Jesus gave up all the riches that are His in heaven to become a man and was born to a poor family (not homeless and destitute), and his stepfather was a carpenter, and, that is a humble vocation, and the money isn’t too good, because the Romans were taking much of it away.
Archeological excavations of Nazareth show the village of Jesus’ day was occupied by poor agricultural people. As Jesus grew up He worked in the trade of a carpenter, which was not a trade known for its wealth. How did Jesus become rich with a step-dad who was only a carpenter? There is absolutely no indication anywhere that he was wealthy from his family or from traveling with His disciples. He took no money enumeration or possessions for His services. It is revealing to hear the things that Jesus said, as He preached and ministered to people. In Matthew 11 or in Luke 7’s parallel account, it says: “As they departed, Jesus began to say to the multitudes concerning John: “What did you go out into the wilderness to see? A reed shaken by the wind?” But what did you go out to see? A man clothed in soft garments? Indeed those who are gorgeously appareled and live in luxury are in kings’ courts.”
What did that conclude? That neither John or Jesus dressed up as those who “show” God’s blessings today, with their thousand-dollar suits and shoes and religious bling. Why does Jesus’ cousin John wear such bad clothing if then Jesus was walking around in expensive clothing (a seamless garment), didn’t He share? (!) –because they both were simple men, detached from possessions. Jesus did not own a house. Nor did John. John could have had a nice post as Temple priest, as his father, but John choose the Judean hills and desert to serve the prophetic life, much like Elijah did.
Jesus was so detached, that by His ministry time, He had no where to lay His head to call His own. In Matt. 8:19-20, it says: “Then a certain scribe came and said to Him, “Teacher, I will follow You wherever You go.” And Jesus said to him, “Foxes have holes and birds of the air have nests, but the Son of Man has nowhere to lay His head.” Yes, Jesus had no place to lay his head, no permanent home, and his hometown of Nazareth spurned and rejected Him when He came to minister there, and so it was that Jesus constantly traveled, and when He stayed somewhere the longest, it was at Peter’s house, since Peter had to get back now and then to see his family, as did some of the other married apostles. Jesus dressed like everyone else, and He even said to forsake this world to inherit his kingdom. He taught that “His kingdom is not of this world” and He made it perfectly clear in His teachings. Jesus, as Son Eternal, already was King of the Heavens. He was offering humanity a place in His kingdom.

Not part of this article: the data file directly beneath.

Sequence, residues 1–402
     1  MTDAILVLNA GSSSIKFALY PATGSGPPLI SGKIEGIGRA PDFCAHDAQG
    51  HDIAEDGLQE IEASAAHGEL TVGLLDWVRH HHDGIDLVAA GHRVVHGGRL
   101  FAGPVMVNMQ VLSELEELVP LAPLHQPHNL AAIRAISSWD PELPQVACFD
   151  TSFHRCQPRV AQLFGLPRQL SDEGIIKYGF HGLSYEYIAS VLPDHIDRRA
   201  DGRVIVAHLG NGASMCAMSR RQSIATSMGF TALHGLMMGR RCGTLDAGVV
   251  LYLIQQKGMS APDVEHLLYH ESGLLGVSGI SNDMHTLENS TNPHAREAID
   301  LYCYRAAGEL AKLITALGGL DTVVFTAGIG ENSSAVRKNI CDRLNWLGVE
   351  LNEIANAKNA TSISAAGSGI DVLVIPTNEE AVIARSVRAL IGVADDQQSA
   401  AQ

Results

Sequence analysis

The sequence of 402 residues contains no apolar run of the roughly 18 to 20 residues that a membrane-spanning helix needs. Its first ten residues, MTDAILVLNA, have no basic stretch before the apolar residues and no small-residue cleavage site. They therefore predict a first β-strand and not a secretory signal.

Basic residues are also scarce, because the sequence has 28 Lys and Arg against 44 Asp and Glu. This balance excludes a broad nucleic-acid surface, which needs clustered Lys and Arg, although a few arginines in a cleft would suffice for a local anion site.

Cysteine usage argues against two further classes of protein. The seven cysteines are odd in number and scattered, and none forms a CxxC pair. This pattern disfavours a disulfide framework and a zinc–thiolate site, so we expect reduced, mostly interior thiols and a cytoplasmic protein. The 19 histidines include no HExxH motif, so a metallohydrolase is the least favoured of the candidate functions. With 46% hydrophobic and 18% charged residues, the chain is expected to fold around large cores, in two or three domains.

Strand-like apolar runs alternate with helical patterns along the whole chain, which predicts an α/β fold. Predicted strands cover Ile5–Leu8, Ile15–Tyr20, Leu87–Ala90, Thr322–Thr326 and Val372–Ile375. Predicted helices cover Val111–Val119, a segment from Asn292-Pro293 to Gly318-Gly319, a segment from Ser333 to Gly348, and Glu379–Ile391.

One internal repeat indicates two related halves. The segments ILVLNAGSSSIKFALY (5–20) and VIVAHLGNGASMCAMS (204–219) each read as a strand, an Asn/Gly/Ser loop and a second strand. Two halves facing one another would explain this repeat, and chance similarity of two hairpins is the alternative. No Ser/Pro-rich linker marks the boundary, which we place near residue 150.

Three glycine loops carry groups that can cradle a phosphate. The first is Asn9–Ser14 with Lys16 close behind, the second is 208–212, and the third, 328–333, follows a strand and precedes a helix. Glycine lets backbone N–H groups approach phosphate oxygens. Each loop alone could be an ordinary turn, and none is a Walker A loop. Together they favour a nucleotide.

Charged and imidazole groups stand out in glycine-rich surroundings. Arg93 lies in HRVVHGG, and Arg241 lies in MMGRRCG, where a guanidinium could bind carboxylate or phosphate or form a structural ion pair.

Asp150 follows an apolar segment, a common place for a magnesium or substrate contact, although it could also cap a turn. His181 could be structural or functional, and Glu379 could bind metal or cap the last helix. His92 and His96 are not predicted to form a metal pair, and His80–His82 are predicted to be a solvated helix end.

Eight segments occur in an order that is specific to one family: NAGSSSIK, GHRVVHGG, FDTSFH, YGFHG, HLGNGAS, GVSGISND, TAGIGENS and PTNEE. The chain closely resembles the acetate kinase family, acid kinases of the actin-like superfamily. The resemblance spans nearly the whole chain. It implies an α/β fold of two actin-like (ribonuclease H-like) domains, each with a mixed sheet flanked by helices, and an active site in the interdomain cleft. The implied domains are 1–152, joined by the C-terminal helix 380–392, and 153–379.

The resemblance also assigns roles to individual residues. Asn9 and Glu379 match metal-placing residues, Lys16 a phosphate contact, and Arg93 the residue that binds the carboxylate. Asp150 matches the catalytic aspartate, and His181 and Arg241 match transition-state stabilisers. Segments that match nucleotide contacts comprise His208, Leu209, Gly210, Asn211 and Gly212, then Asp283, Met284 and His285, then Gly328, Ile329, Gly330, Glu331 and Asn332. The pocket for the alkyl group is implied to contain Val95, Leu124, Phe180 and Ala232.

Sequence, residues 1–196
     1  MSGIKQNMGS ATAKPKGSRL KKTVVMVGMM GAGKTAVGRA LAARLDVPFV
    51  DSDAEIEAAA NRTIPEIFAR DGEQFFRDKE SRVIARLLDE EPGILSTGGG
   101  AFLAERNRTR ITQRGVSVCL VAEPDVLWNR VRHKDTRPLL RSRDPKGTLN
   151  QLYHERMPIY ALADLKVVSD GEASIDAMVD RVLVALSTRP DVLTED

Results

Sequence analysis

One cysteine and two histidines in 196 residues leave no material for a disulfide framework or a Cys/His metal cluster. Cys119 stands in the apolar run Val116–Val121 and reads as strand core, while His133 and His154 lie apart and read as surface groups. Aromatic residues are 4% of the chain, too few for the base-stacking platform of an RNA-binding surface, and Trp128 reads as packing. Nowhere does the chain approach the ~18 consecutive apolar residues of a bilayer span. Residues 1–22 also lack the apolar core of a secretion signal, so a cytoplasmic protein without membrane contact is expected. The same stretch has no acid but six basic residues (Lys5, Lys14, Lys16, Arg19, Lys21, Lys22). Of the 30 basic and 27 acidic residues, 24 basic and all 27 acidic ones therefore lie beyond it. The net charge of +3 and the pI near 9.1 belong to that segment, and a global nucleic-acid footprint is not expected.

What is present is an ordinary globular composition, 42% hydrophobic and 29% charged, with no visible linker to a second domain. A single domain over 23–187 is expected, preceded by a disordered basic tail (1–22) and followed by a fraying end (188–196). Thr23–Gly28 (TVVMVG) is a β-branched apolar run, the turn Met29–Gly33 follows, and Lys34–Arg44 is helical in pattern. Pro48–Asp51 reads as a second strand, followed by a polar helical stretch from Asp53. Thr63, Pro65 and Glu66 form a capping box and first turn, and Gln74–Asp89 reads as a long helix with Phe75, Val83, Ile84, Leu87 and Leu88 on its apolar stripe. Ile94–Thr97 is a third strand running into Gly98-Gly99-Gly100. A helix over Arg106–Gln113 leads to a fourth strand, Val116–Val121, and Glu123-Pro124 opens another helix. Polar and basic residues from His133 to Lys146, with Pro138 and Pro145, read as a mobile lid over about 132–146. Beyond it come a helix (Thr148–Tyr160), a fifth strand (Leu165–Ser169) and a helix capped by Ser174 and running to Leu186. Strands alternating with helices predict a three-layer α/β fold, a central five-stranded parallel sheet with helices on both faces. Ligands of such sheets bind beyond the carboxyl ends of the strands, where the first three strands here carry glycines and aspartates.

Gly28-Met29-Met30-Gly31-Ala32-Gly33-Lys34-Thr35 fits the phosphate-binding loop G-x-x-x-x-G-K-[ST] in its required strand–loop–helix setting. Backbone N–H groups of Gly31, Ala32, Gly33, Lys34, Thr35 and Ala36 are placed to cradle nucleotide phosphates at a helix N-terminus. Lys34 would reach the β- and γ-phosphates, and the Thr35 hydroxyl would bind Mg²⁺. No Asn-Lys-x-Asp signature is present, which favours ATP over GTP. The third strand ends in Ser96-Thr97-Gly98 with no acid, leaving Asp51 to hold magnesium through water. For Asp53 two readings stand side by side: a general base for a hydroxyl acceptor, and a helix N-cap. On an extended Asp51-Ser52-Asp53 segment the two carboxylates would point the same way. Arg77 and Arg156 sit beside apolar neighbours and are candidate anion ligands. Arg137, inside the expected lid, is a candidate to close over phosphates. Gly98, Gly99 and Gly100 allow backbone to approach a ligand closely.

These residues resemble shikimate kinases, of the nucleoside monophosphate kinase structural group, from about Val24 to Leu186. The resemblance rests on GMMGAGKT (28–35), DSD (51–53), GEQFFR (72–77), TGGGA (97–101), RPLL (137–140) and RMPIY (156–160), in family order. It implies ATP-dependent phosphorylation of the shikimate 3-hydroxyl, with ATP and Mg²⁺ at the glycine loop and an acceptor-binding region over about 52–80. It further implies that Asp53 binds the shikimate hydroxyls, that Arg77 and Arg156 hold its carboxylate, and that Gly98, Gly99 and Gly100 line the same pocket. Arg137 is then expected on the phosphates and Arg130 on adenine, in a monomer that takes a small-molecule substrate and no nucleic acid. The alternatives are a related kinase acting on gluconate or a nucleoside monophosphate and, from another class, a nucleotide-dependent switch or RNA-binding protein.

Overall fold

The rich young ruler came to Jesus and He responded by telling to him “to give all his riches to the poor and follow Him.” Was Jesus telling him to rid himself of riches while he actually possessed them Himself? No. And that is another knock versus the prosperity gospel version of things. Would Jesus ask someone to do something He Himself would not?
In 2 Cor.8:9 St. Paul states of Jesus “being rich, yet for your sakes He became poor, so that through His poverty you might become rich.” (These are spiritual riches being talked about here). In the only place in Scripture that mentions Jesus as “rich” it says that He became poor. Did Jesus become poor during his lifetime so we could become rich financially later? This is not a trick question and should be obvious to all familiar with the scriptures. This “being rich” is speaking of His preexistence in His position of glory? He became poor in becoming a servant in position and also in his social life. Zech. 9:9 is a Scripture Jesus fulfilled in His actions: ” Behold, your King is coming to you; he is just and having salvation, lowly and riding on a donkey, a colt, the foal of a donkey.” Even His fulfilling prophecy as a king was in humility of His position. God’s Son came as a servant, not a king, but today we have those who want to have crowns recognized for their positions now. Quite the opposite in the Scripture: “he who is exalted will be humbled.” We are to follow Jesus’ pattern, yet some actually think if Jesus came today he’d have the best clothes, drive the most expensive Mercedes or BMW, and eat steak or lobster every night to wash down with fine wine. We better look carefully at the Bible before we choke on what is being dished out in any prosperity message wrapped in Christian wrapping!